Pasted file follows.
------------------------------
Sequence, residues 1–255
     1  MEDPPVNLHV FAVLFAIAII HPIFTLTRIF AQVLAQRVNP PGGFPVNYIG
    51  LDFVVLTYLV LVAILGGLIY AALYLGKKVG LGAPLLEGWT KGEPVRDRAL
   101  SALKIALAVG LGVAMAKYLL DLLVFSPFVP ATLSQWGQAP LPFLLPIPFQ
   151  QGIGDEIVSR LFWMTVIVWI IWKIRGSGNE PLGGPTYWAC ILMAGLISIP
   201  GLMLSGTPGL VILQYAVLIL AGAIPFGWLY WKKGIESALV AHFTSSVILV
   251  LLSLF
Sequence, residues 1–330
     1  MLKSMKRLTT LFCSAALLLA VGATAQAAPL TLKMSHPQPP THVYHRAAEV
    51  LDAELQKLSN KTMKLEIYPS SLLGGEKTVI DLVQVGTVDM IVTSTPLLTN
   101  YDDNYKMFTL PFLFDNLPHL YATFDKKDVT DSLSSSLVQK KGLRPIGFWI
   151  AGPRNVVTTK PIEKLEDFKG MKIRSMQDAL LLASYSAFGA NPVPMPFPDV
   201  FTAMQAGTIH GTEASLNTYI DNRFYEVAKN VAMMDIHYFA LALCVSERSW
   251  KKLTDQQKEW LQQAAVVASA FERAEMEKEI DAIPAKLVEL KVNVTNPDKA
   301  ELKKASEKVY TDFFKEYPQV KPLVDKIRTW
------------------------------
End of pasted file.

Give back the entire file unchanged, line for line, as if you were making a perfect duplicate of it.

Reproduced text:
Sequence, residues 1–255
     1  MEDPPVNLHV FAVLFAIAII HPIFTLTRIF AQVLAQRVNP PGGFPVNYIG
    51  LDFVVLTYLV LVAILGGLIY AALYLGKKVG LGAPLLEGWT KGEPVRDRAL
   101  SALKIALAVG LGVAMAKYLL DLLVFSPFVP ATLSQWGQAP LPFLLPIPFQ
   151  QGIGDEIVSR LFWMTVIVWI IWKIRGSGNE PLGGPTYWAC ILMAGLISIP
   201  GLMLSGTPGL VILQYAVLIL AGAIPFGWLY WKKGIESALV AHFTSSVILV
   251  LLSLF
Sequence, residues 1–330
     1  MLKSMKRLTT LFCSAALLLA VGATAQAAPL TLKMSHPQPP THVYHRAAEV
    51  LDAELQKLSN KTMKLEIYPS SLLGGEKTVI DLVQVGTVDM IVTSTPLLTN
   101  YDDNYKMFTL PFLFDNLPHL YATFDKKDVT DSLSSSLVQK KGLRPIGFWI
   151  AGPRNVVTTK PIEKLEDFKG MKIRSMQDAL LLASYSAFGA NPVPMPFPDV
   201  FTAMQAGTIH GTEASLNTYI DNRFYEVAKN VAMMDIHYFA LALCVSERSW
   251  KKLTDQQKEW LQQAAVVASA FERAEMEKEI DAIPAKLVEL KVNVTNPDKA
   301  ELKKASEKVY TDFFKEYPQV KPLVDKIRTW